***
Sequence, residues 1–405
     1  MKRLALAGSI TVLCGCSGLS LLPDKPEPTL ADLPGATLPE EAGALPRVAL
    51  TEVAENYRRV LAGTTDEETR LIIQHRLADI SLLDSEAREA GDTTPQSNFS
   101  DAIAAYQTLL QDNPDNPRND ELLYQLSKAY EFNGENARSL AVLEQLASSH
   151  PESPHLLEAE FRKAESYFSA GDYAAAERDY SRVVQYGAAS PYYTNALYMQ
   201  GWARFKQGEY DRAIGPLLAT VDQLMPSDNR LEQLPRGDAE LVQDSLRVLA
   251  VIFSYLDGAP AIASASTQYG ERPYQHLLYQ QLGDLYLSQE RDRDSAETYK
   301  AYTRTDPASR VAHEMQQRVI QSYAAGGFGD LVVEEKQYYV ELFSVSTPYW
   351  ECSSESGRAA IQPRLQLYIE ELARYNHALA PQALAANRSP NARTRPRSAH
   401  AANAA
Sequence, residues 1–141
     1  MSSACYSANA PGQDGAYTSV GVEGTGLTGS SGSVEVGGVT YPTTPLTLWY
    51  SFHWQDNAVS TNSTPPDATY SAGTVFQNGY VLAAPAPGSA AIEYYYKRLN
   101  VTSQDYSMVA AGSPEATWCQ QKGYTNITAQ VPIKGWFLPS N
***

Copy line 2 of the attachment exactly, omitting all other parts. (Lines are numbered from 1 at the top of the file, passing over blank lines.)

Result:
     1  MKRLALAGSI TVLCGCSGLS LLPDKPEPTL ADLPGATLPE EAGALPRVAL